Life in your mid-20s was consumed by a new career, moving out, embarking on new adventures, making new friends and, of course, casually dating. As you've evolved throughout adulthood, so have your dating standards. Some of the qualities you thought were important for a significant other to possess then are the polar opposite of what you seek out today.
As you've grown and changed, so have the following requirements for a partner:
1. A Perfect 10 (In Terms Of Physical Appearance)
At 25, good looks may have been the determining factor for whether you continue to see someone or not. You may have even given someone the boot for not having your preferred eye color. If you no longer see this as a viable reason to not date someone, you are headed down the right avenue of maturity.
Remember that while physical attraction plays an important role in every relationship, emotional attraction will make you desire your partner even more. Good looks may lure you to someone, but integrity, honesty, kindness and humor make you stay with them. Physical attraction may have been an initial attention grabber, but character is the glue to the success of your relationship.
2. Never Married Before
"When you're young, someone who's divorced can look like a loser. But he or she may have learned a lot of valuable things and can be a better partner because of the divorce," said Tina B. Tessina, PhD, (aka "Dr. Romance") psychotherapist and author of Dr. Romance's Guide to Dating in the Digital Age and the previously published The Unofficial Guide to Dating Again.
You quickly abandoned the thought of dating a divorcee at 25, but now it's time to adopt a more realistic outlook. Most people who have been divorced strive to make their new relationships more meaningful to avoid the same problems they encountered in their previous marriage.
3. He Shares The Exact Same Interests
Am I deeming sharing interests with your significant other as unimportant? Of course not. Values and morals are components that should align with your partner no matter what age you are.
However, with age should come maturity, and accepting differences should reflect that maturity. Having some separate interests can create a well-balanced, healthy relationship. Dating and relationship writer Lori Bizzoco asks a vital question: "How do you grow as a person if you choose a partner who likes everything you do?"
4. An Impressive Career
Seeking out men or women pursuing impressive careers (e.g., doctors, lawyers, CEOs of businesses, etc.) may have been the trendy thing to do in college or while flirting at guys at the bar in your mid 20s, but you've retired that tactic as you've grown older. In terms of finding someone with an "attractive" job, "as long as your honey can pay the bills, it's much more important for him or her to have work that is meaningful than to have one of the impressive jobs," said Tessina.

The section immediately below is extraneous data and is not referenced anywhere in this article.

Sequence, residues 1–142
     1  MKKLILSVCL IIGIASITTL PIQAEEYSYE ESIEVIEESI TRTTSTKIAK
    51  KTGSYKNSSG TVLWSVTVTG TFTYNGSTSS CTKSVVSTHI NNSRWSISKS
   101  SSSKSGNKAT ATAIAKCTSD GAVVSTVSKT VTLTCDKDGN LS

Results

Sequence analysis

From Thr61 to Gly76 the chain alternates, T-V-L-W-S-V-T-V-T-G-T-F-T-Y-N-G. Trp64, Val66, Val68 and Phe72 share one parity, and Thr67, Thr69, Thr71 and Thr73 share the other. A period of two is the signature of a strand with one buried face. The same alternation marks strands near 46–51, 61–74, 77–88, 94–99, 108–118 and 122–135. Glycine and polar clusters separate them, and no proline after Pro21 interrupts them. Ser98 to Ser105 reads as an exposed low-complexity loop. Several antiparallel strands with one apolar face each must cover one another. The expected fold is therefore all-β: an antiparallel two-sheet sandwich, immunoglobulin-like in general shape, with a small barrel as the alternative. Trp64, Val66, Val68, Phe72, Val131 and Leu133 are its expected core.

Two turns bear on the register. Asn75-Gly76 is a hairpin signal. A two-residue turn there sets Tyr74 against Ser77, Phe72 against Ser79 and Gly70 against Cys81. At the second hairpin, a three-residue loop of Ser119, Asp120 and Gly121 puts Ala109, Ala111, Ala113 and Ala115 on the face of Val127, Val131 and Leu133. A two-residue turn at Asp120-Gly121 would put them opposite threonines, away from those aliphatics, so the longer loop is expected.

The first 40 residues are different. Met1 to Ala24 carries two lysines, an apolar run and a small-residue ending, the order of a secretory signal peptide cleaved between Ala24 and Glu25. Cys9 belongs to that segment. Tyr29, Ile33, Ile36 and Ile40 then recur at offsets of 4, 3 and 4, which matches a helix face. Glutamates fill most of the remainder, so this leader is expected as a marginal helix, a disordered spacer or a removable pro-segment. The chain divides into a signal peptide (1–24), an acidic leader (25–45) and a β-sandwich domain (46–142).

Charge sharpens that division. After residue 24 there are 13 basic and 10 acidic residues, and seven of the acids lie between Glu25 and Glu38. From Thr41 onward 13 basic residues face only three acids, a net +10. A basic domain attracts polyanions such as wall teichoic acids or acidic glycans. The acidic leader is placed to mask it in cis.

Plus, someone with a less demanding job may have more time and energy to invest in your relationship.
5. Has A Ridiculous Amount Of Money
At some point or another, every young person has the fantasy of finding someone who can financially support his or her needs. Thankfully, this concern has dwindled. "In a world obsessed with material objects, young people who have money, who can pay the check, can support their needs," Bizzoco said.
Instead of wanting to be with a person who can support your shoe addiction, you should now yearn to find someone with the same approach to spending and saving money.
6. Lets You Be Completely Independent
You only had one person to care about at 25, and that person was you — independence from a significant other was necessary then. With the lingering thoughts of marriage and children, interdependence has risen as a more important factor. According to Duana C. Welch, Ph.D. and author of Love Factually: 10 Proven Steps from I Wish I Do, being able to rely on the one you love is highly valued in at least 37 cultures.
7. Highly Educated With Multiple Degrees
Motivated and educated individuals are attractive at every stage of life. But you're no longer looking for someone with an overload of degrees like you may have at 25.
Being in a relationship with someone who isn't Harvard or Yale educated doesn't mean you're settling. It just means you've realized there are more ways to learning than higher education.
Switching gears from dating "wants" to "needs" in a relationship, as you mature, gives you the best possibility to find a real relationship. Adding more life experiences (and evaluating those experiences) can lead you to the right path of dating success. Being honest about what will make you happy and giving chances to people that don't hit 100 percent of your checklist will maximize your chances of meeting the right person.